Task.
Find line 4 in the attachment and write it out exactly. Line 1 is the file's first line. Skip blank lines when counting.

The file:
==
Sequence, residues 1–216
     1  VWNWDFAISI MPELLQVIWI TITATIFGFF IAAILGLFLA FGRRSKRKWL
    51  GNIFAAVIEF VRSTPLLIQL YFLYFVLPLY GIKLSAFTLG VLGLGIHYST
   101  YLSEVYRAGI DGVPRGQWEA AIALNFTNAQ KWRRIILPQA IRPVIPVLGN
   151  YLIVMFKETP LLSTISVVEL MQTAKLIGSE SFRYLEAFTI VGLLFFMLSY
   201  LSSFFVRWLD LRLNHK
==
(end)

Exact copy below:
   101  YLSEVYRAGI DGVPRGQWEA AIALNFTNAQ KWRRIILPQA IRPVIPVLGN